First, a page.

Hurricane Irma Buh Bye, We’ve had Enough! Get the Hξll Outta Here!

Hurricane Irma Tropical Storm

UPDATE:  Hurricane Irma has weakened to a tropical storm as of Monday morning.  The  once category 5 storm is expected to further weaken by Tuesday to a tropical depression.

Despite Irma’s diminishing strength, she is still dangerous and her path of destruction will be evident for months to come.

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There hasn’t been a storm like Irma to hit the US. Ever.  Here’s the facts:

  • Hurricane Irma is the strongest Atlantic basin hurricane ever recorded outside the Gulf of Mexico and the Caribbean Sea.
  • She started as a typical hurricane near Cape Verde islands and strengthened into a category five cyclone.
  • She was more than 400 miles wide.
  • She spent three days as a Category 5 hurricane, the longest Category 5 hurricane since satellite storm-tracking began.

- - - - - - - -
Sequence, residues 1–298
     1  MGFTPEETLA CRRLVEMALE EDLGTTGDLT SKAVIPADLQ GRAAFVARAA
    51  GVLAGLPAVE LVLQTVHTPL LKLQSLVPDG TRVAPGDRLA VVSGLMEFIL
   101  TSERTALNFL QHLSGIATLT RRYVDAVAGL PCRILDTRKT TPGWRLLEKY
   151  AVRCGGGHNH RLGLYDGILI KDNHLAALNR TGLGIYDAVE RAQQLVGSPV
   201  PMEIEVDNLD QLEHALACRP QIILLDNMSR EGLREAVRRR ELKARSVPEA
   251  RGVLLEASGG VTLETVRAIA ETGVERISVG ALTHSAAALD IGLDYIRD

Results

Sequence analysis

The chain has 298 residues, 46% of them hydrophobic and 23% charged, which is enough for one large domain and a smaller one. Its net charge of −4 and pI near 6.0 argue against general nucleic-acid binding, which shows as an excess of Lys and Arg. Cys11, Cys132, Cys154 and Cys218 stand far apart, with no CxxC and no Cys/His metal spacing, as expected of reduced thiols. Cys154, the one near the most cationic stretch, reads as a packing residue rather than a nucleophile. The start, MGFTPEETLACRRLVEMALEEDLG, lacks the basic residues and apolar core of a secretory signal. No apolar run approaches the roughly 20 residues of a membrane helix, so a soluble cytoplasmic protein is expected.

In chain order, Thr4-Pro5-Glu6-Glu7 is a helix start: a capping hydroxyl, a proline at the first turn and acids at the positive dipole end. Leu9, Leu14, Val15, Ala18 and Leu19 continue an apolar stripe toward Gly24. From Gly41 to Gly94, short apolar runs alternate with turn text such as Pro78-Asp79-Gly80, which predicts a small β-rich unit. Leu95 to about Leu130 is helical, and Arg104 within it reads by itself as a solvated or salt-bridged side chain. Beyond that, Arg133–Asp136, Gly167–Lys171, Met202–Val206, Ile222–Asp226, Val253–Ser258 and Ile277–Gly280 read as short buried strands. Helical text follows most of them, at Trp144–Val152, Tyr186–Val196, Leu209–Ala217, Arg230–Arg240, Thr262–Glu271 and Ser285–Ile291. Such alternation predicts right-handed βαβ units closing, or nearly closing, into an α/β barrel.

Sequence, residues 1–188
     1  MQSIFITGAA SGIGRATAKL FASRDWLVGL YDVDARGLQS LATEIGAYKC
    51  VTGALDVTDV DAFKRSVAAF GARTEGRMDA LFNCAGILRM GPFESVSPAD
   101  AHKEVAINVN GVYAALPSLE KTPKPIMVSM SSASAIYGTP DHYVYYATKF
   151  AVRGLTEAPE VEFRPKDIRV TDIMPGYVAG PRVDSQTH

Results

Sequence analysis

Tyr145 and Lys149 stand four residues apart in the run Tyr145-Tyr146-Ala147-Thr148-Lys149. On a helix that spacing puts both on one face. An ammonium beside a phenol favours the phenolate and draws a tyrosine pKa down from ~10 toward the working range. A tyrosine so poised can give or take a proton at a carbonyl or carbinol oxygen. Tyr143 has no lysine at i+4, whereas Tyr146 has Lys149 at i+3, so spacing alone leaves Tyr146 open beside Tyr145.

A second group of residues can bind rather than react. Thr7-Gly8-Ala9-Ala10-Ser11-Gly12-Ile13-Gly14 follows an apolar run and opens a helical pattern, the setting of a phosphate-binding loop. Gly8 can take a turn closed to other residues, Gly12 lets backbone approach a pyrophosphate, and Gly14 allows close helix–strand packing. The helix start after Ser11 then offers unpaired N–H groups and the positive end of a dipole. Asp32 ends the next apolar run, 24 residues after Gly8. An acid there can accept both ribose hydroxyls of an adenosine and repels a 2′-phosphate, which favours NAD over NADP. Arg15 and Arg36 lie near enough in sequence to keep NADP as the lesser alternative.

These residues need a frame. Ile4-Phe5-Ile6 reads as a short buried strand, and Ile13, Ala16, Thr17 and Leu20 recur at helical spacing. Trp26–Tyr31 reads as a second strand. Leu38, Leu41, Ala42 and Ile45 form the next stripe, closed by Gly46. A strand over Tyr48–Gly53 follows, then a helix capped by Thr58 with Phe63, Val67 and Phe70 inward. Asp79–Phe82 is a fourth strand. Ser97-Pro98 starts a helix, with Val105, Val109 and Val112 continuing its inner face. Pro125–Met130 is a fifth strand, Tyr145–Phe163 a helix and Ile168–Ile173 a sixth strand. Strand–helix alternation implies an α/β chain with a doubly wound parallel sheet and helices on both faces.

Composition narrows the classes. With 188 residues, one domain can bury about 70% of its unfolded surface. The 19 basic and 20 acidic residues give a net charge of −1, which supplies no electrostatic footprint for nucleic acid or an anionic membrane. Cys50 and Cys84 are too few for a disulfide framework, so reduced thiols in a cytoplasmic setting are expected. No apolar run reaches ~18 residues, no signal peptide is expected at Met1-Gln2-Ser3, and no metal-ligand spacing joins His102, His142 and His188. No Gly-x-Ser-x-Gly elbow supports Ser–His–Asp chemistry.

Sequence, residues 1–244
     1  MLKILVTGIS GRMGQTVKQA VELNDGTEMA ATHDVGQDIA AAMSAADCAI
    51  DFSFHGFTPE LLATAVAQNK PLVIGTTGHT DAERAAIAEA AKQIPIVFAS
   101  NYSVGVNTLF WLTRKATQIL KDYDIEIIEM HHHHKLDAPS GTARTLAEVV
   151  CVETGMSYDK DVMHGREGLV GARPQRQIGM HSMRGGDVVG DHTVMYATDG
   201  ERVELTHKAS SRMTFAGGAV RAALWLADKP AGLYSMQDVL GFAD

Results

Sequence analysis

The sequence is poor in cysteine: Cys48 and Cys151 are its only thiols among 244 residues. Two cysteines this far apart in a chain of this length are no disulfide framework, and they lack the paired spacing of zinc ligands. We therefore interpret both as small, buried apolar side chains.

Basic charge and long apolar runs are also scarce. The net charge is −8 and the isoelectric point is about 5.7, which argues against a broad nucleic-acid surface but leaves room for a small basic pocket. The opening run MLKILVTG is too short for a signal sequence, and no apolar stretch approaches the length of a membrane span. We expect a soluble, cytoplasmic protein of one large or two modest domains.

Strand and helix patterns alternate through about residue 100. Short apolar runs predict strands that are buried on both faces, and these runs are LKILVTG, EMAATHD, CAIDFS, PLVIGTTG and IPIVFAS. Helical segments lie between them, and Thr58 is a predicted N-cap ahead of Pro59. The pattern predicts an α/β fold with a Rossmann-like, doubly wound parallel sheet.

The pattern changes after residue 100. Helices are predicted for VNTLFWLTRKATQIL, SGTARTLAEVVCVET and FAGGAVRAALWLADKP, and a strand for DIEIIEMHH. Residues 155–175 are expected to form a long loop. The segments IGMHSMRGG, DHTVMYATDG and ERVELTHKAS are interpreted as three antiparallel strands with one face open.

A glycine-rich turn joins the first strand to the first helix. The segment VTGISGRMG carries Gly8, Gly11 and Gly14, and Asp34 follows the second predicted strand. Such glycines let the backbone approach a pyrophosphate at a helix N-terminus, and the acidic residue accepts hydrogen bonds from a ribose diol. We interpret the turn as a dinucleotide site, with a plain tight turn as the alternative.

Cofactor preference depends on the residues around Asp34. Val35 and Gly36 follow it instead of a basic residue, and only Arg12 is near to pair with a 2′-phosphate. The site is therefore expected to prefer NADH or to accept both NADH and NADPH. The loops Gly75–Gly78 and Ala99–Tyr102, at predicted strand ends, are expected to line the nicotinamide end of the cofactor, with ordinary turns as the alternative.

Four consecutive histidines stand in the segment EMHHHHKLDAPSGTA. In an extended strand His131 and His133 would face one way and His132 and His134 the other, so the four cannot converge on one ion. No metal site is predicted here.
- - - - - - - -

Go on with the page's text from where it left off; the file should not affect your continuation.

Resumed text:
• No storm on record has maintained winds 185 mph or above for as long as Irma (total of 37 hours).
  • She prompted the largest evacuation in the history of the Bahamas — and potentially the largest in the US.
  • She left 1,300,000 million people in Florida without electricity.
  • She destroyed 95% of the buildings in Barbuda.

Hurricane Jose Churning in the Atlantic:

With Irma diminishing to a tropical storm, a hurricane-battered nation could soon shift its attention to Hurricane Jose, now meandering around the western Atlantic Ocean roughly 300 miles northeast of the Turks and Caicos Islands.

As of 11 a.m. ET, Jose had winds of 105 mph, making it a Category 2 storm.

Fortunately, over the weekend, Jose only brushed the islands of the Caribbean that had been slammed by Irma, such as Barbuda, Antigua and the Virgin Islands.

As for its forecast, hurricanes in this part of the Atlantic often race out to sea and into oblivion, but that won’t be the case with Jose.

Calling it an “odd forecast track,” the National Hurricane Center said that Jose should make a small clockwise loop over the open waters of the Atlantic for the next three days.  This is due, the center said, to an area of high pressure that will move around the hurricane over the next several days.

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